Skip to main content Accessibility help
×
Home

Contents:

Information:

  • Access
  • Cited by 2

Actions:

      • Send article to Kindle

        To send this article to your Kindle, first ensure no-reply@cambridge.org is added to your Approved Personal Document E-mail List under your Personal Document Settings on the Manage Your Content and Devices page of your Amazon account. Then enter the ‘name’ part of your Kindle email address below. Find out more about sending to your Kindle. Find out more about sending to your Kindle.

        Note you can select to send to either the @free.kindle.com or @kindle.com variations. ‘@free.kindle.com’ emails are free but can only be sent to your device when it is connected to wi-fi. ‘@kindle.com’ emails can be delivered even when you are not connected to wi-fi, but note that service fees apply.

        Find out more about the Kindle Personal Document Service.

        Child sexual abuse and substance use disorders: role of psychiatric comorbidity
        Available formats
        ×

        Send article to Dropbox

        To send this article to your Dropbox account, please select one or more formats and confirm that you agree to abide by our usage policies. If this is the first time you use this feature, you will be asked to authorise Cambridge Core to connect with your <service> account. Find out more about sending content to Dropbox.

        Child sexual abuse and substance use disorders: role of psychiatric comorbidity
        Available formats
        ×

        Send article to Google Drive

        To send this article to your Google Drive account, please select one or more formats and confirm that you agree to abide by our usage policies. If this is the first time you use this feature, you will be asked to authorise Cambridge Core to connect with your <service> account. Find out more about sending content to Google Drive.

        Child sexual abuse and substance use disorders: role of psychiatric comorbidity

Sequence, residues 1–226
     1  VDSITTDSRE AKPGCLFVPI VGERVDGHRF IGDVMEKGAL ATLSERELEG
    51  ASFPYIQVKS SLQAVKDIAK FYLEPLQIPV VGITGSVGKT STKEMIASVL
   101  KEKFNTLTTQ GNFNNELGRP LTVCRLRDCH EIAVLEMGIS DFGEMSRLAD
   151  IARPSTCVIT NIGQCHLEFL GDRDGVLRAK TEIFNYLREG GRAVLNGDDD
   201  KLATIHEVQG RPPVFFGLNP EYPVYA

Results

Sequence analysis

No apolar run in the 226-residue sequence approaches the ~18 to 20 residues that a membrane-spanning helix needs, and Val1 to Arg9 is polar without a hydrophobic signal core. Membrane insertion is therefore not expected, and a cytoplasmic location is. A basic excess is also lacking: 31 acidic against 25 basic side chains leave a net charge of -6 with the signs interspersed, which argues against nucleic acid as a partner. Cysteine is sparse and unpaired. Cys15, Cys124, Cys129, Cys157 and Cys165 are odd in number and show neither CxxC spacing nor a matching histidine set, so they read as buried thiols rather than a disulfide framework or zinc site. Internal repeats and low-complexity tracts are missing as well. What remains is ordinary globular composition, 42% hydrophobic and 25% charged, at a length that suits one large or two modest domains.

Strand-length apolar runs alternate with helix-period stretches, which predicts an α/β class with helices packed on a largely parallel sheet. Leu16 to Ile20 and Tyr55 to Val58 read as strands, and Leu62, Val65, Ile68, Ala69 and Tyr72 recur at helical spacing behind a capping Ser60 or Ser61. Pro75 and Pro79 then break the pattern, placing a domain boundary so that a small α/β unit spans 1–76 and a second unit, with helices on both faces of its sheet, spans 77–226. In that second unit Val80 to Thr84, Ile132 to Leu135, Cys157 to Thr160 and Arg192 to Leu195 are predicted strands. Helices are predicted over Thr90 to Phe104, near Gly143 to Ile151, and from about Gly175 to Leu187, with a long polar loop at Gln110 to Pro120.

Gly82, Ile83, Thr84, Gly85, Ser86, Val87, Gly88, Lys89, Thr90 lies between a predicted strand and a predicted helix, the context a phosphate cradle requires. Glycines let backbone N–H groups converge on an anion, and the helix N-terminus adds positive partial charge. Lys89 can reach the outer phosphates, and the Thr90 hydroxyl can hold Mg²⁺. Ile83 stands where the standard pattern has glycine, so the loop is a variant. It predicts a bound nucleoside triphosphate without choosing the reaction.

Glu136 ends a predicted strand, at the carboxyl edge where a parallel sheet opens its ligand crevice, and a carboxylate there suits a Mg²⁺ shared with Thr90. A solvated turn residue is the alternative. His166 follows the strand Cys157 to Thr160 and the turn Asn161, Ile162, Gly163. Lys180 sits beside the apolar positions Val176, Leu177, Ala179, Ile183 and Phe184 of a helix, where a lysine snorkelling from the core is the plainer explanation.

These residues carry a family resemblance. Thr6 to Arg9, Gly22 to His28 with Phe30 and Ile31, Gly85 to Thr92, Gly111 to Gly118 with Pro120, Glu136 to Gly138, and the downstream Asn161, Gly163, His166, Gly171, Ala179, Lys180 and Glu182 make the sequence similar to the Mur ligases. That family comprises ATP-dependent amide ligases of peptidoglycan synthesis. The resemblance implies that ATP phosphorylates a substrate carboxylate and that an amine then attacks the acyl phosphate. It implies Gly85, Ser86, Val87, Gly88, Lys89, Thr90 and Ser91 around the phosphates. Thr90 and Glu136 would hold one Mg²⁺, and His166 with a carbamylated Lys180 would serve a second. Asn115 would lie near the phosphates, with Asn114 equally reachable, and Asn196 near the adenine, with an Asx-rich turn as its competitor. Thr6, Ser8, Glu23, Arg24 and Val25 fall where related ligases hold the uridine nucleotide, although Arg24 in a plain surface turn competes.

Available formats
        ×
Export citation

We read with interest the paper by Spataro et al (2004) considering associations between child sexual abuse and subsequent psychopathology using a prospective cohort design. This study clearly indicates a positive association between child sexual abuse and a range of mental disorders, although not substance use disorders. We think that the authors make an important point in their discussion that this latter absence of an association might be at least-partly due to their methodology for assessing psychiatric outcome. They implemented a diagnostic hierarchy in such a way that when substance use problems were accompanied by other psychiatric disorders, these comorbid conditions were counted and not the substance use.

It is important for the reader to know that substantial comorbidity between substance use disorders and other psychiatric disorders is consistently reported (e.g. Kessler et al, 1997a ). Thus, one could suggest that this prospective study does not demonstrate an association between child sexual abuse and more pure forms of substance use disorders. This would be in line with other findings suggesting a lack of association between childhood trauma (including child sexual abuse) and pure substance use disorders, but a strong relationship between childhood trauma and psychiatric comorbidity in substance use disorders (Kessler et al, 1997b ; de Graaf et al, 2002).

De Graaf, R., Bijl, R. V., Smit, F., et al (2002) Risk factors for 12-month comorbidity of mood, anxiety, and substance use disorders: findings from The Netherlands Mental Health Survey and Incidence Study. American Journal of Psychiatry, 159, 620629.
Kessler, R. C., Crum, R. M., Warner, L. A., et al (1997a) Lifetime co-occurrence of DSM – III – R alcohol abuse and dependence with other psychiatric disorders in the national comorbidity survey. Archives of General Psychiatry, 54, 313321.
Kessler, R. C., Davis, C. G. & Kendler, K. S. (1997b) Childhood adversity and adult psychiatric disorder in the US National Comorbidity Survey. Psychological Medicine, 27, 11011119.
Spataro, J., Mullen, P. E., Burgess, P. M., et al (2004) Impact of child sexual abuse on mental health. Prospective study in males and females. British Journal of Psychiatry, 184, 416421.